Maxine Hong Kingston is writing about the search for the Gold Mountain, which , for the Chinese, was the search for the desirable and the pragmatic, made of gold. She writes with poetry, fierceness, history, and legends. One feels that , when she says, "If you are an authentic Chinese you know the language and the stories without being taught, born talking them," she is writing of herself.
She is an authentic Chinese-Americanm , which may give her the advantage of having to listen very carefully to the language and stories.
This is indeed a fierce book. It makes many demands. It is full of horrors, superstitions, occasional obscenities, occasional obscenities, but when one recovers one sees them as metaphors designed to burrow under preconceptions and blandness. It is all about the Chinese fathers -- grandfathers, great-grandfathers -- who, searching for the Gold Mountain, in order to prosper their families, turned east, left their villages, went out into the world, especially the United States, bringing their antiquity, their sagacity, and their legends with them. It matches Mrs. Kingston's earlier book "The Woman Warrior," which won the 1976 National Book Critics Circle Award and told the primary story of the matriarchical influences.
"What I am doing in this new book," she said in an interview, "is claiming America." What she does more is claim the China that is infinitely stronger than any upstart culture of 350 years.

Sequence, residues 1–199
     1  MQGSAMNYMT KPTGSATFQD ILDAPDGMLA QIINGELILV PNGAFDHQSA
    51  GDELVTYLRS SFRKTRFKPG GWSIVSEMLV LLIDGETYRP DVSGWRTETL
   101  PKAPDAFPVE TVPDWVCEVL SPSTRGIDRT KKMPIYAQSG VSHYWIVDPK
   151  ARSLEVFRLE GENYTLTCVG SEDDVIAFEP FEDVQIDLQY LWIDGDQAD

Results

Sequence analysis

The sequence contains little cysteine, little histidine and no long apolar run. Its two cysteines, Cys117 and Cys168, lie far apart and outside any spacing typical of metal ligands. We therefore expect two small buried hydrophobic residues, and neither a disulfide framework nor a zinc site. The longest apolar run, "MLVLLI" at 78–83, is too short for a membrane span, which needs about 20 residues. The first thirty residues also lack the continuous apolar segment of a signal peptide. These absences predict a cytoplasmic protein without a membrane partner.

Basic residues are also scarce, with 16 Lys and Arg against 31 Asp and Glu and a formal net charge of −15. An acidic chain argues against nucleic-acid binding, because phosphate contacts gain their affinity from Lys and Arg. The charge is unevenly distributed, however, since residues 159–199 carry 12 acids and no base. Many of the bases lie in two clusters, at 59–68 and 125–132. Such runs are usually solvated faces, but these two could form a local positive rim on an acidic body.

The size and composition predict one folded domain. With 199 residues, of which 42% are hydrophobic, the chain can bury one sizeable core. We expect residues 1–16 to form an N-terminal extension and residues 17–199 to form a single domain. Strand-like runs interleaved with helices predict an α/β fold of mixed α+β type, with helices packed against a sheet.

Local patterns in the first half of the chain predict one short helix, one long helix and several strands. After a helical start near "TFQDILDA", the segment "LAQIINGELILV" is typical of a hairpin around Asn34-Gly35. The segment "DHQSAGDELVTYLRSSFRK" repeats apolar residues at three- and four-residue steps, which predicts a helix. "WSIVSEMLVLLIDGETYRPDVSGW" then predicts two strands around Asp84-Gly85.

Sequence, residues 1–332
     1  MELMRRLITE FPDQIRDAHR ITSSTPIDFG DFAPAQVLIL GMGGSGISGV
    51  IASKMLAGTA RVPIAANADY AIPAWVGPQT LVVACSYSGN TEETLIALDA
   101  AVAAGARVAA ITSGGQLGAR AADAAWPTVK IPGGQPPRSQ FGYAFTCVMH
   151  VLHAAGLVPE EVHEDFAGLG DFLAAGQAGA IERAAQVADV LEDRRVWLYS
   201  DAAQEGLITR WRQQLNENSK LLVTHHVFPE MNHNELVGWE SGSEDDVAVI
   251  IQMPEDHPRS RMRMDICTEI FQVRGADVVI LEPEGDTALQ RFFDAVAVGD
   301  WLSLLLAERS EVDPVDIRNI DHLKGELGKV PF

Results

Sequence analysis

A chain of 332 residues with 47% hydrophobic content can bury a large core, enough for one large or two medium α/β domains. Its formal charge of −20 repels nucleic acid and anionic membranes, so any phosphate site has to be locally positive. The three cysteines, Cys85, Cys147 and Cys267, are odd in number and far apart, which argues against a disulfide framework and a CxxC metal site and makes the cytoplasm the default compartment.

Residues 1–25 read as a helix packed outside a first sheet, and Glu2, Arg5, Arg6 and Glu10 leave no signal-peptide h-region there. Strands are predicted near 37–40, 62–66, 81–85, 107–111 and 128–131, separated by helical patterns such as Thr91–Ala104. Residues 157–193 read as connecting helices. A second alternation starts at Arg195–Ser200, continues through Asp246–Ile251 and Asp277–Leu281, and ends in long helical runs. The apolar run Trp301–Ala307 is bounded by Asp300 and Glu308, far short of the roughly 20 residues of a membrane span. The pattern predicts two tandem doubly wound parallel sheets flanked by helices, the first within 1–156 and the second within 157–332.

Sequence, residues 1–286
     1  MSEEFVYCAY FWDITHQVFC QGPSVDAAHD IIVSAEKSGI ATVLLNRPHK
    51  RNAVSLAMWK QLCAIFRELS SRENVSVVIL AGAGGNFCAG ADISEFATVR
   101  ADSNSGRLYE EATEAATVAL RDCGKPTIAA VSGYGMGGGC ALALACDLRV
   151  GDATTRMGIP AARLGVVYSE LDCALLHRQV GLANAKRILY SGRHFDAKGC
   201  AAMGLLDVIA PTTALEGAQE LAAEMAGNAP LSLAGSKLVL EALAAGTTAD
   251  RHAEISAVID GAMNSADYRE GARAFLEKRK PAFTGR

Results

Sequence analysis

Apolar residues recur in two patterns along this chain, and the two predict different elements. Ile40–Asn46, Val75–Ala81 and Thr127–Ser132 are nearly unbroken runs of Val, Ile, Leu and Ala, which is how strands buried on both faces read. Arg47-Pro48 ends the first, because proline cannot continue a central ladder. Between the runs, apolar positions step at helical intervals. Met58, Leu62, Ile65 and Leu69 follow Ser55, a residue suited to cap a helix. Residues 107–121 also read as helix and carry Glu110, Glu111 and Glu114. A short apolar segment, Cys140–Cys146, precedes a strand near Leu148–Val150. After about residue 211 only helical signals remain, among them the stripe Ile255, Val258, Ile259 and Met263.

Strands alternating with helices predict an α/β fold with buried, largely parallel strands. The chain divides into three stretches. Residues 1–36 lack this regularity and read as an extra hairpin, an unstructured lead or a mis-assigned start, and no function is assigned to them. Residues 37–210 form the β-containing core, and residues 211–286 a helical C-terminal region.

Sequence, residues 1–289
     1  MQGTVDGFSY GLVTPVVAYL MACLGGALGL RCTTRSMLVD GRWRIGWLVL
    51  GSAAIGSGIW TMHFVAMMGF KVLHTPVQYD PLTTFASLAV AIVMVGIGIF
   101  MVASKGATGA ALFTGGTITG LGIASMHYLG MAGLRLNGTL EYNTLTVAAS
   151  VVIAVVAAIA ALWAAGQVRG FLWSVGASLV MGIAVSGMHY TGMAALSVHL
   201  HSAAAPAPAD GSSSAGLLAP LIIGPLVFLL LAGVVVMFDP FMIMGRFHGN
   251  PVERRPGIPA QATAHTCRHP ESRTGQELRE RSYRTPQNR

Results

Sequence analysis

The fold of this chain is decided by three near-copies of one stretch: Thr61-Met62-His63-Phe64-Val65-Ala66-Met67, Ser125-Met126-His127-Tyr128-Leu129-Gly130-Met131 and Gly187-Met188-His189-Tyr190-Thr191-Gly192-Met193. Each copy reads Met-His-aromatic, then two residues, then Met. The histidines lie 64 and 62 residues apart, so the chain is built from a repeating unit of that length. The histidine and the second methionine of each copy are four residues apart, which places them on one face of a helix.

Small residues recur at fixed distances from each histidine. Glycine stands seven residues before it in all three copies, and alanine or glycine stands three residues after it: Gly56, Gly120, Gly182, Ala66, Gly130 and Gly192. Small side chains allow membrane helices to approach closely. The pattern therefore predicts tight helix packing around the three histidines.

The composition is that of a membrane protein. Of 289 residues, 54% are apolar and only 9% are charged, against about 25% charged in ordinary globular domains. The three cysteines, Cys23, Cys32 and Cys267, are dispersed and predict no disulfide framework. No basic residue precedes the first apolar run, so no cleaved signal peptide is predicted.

It is the profound disparity between cultures which she has captured so magically. And the China men's efforts somehow to exorcise the disparity is the story of the fathers and grandfathers. The men, far more than the women, tried to forget the old ways as they felled redwood trees, built American railroads, dynamited tunnels through mountains, opened laundries and restaurants. But they too built their legends and sent them back to the villages for the next generation to make malleable and to keep alive in the search for the Gold Mountain.
Three, four, five generations of China men, away from home, showed how these myths are made, how superstitions and belief in the supernatural can be used to ease the pain of living as servants of the "white demons." The exile saw ancient legends in the stars in order to ease the hard and dangerous life; he believed in fate; he longed for home. He dug a hole and shouted his longings into the hole. "Hello down there, China. Hello, Mother.Hello, my heart and my liver. I want home. I want home, home, home."
The story of the China men is the story of wit and survival, of cruel discrimination and Congressional Exclusion Acts. The China men built the Western railroads, yet when the pictures of the workers were taken no Chinese were seen. Still "we are the founding ancestors of this place," as one said, and they assigned themselves prerogatives, made up customs, and endowed memories with esoteric power.
Maxine Hong Kongston is brilliant. Her sense of words is magical. One has to shake one's head now and then to dispel the magic but never to dispel her insight and sagacity, her strength and resolution.